WA border delay to keep pressure on housing supply

Western Australia’s housing market will continue to remain tight following the State Government’s decision to keep borders closed indefinitely.

The WA hard border with the rest of the country was due to be lifted on February 5, before Premier Mark McGowan changed his mind, leaving the border in place until further notice.

Real Estate Institute of Western Australia President Damian Collins said the WA market was struggling to keep up with demand for homes, with a skills shortage causing significant construction issues and building delays.

“The only way to get out of this shortage of homes all across WA is to build more houses,” Mr Collins said.

“To build more houses you need more skilled migrants, whether that‘s from interstate or international.

“House construction is taking double what it used to and that’s in large part due to the acute labour shortage and some of it the supply chain.”

Mr Collins said the current arrivals quota is going to cause negative long-term problems with housing across the state.

“We certainly need more people coming into the state and with the closed borders that’s very challenging to do,” he said.

“Internationally, we have a cap of 250 people per week, so you’ve got zero chance of getting international skilled migrants in and from the East Coast, it’s not a good look. People are fearful that they aren’t going to be able to come and go to see family.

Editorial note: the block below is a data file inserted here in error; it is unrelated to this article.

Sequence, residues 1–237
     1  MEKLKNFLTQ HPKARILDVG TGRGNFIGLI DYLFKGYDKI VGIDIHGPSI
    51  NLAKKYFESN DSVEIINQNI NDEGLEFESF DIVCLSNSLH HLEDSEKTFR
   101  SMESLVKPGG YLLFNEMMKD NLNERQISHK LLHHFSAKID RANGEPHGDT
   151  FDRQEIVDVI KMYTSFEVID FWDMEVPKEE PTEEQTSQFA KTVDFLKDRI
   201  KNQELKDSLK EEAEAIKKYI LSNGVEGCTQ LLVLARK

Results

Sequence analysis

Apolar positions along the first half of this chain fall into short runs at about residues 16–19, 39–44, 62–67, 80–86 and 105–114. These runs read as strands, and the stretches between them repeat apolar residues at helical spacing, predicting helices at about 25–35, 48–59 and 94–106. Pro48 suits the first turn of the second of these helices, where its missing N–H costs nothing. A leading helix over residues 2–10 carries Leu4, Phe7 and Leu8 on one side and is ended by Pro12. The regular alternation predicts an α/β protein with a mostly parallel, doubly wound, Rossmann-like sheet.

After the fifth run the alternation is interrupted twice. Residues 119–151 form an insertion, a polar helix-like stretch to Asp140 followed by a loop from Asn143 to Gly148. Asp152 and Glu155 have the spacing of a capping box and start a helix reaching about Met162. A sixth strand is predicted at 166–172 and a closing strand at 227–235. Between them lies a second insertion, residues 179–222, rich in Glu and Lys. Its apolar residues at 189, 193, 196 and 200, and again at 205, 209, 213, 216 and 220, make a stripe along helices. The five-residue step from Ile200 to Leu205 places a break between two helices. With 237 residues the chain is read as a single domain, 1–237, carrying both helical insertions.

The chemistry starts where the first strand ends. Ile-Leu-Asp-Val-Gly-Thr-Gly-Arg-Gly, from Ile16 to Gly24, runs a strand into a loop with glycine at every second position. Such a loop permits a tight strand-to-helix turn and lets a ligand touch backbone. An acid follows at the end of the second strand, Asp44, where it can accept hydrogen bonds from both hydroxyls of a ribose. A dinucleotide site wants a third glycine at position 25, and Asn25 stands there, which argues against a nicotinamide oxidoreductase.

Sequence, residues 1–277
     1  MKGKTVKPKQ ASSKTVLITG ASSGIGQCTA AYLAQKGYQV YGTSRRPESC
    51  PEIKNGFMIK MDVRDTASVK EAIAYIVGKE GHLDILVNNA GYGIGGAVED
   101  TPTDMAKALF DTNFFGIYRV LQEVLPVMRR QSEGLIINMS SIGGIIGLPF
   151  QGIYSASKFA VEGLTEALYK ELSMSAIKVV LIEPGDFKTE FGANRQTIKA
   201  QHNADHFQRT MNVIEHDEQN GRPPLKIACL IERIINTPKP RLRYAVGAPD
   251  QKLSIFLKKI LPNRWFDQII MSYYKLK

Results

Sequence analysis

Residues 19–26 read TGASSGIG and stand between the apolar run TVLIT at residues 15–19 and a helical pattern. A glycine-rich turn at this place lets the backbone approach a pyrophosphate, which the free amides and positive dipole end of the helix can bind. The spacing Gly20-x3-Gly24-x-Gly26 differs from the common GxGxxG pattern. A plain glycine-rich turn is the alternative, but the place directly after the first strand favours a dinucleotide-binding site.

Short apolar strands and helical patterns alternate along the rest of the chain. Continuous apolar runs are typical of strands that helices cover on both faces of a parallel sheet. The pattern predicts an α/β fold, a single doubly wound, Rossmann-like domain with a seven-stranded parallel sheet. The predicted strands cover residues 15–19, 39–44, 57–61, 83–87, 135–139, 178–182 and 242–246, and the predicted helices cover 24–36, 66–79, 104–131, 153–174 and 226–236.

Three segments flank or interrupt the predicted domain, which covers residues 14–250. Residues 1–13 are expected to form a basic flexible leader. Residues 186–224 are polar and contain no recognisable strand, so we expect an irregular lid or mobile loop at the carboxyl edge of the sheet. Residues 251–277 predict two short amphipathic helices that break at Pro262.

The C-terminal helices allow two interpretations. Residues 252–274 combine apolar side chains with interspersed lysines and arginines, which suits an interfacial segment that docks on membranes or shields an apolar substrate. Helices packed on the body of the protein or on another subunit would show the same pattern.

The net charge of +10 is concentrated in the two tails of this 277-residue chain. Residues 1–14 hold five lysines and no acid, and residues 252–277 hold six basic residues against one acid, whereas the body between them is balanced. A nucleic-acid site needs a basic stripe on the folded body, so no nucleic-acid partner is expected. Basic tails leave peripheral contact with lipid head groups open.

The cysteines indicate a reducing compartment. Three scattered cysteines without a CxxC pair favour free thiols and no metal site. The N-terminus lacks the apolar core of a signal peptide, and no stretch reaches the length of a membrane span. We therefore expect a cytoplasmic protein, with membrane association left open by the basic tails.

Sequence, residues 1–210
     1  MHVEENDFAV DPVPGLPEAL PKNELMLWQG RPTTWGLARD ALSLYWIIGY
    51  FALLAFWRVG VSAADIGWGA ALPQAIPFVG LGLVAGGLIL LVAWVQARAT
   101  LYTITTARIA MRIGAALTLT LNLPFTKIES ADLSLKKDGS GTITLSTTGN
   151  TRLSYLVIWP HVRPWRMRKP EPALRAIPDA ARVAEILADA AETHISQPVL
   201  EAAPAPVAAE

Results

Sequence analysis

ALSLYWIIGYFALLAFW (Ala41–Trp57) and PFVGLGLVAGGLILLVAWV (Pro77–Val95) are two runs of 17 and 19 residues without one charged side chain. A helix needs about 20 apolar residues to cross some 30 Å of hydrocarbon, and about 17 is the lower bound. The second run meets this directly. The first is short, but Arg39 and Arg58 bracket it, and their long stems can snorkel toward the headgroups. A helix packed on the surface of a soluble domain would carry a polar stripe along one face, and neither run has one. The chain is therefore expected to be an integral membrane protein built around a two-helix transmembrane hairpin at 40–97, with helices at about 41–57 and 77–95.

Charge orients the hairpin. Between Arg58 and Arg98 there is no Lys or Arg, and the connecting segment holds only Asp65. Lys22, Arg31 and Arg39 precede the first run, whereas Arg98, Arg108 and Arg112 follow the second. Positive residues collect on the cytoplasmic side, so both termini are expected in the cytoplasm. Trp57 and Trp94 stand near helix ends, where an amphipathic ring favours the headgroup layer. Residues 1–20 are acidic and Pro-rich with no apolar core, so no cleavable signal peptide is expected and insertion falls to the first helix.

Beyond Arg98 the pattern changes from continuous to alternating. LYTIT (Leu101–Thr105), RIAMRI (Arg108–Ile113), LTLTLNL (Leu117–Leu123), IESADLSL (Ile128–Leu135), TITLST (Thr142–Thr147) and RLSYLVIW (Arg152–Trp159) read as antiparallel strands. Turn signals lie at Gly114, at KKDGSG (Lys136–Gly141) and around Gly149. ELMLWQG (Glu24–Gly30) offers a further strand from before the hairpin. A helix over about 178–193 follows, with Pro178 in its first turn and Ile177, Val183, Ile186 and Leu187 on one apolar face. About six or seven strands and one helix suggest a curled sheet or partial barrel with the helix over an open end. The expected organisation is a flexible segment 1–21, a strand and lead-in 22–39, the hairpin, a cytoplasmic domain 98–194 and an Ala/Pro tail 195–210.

“In the short-term, it might reduce pressure on the rental market, but there’s a price to pay because at some stage we aren’t going to have the skilled labour we need to build the houses we need in the next one, two and five years.”

Given the tight supply, Perth property prices have had a solid 12 months and Mr Collins said that is set to continue.

“Right now the Perth market is still very strong coming off very solid 2021,” he said.

“Domestically, we still have a lot of demand from owner-occupiers, mainly upgraders and first home buyers.

“The border delay is really just kicking things down the road, when the borders do open, we will certainly see more international and interstate investment in residential property.

“At the moment, local investors are still at a smaller percentage of the market than you would expect when vacancy rates are at a 40-year low.”

Mr Collins said investor activity in WA is still far below historical levels because of the hard border.

“It’s not stopping the market based on local demand, but when we do open the borders up I think that will return some confidence, especially in the second half of the year,” he said.

“I suspect we’ll see a return of investors which will give Perth another leg up.

“In the west, we still believe we have a lot to go with our recovery. Perth prices are only back to where they were in 2014. It’s the same with the rental market, which is the cheapest in the country based on income.

“Fundamentally, we are optimistic that 2022 will be a good year and it’ll be even better when borders open.”

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Rowan Crosby

Rowan Crosby is a freelance journalist specialising in finance and real estate.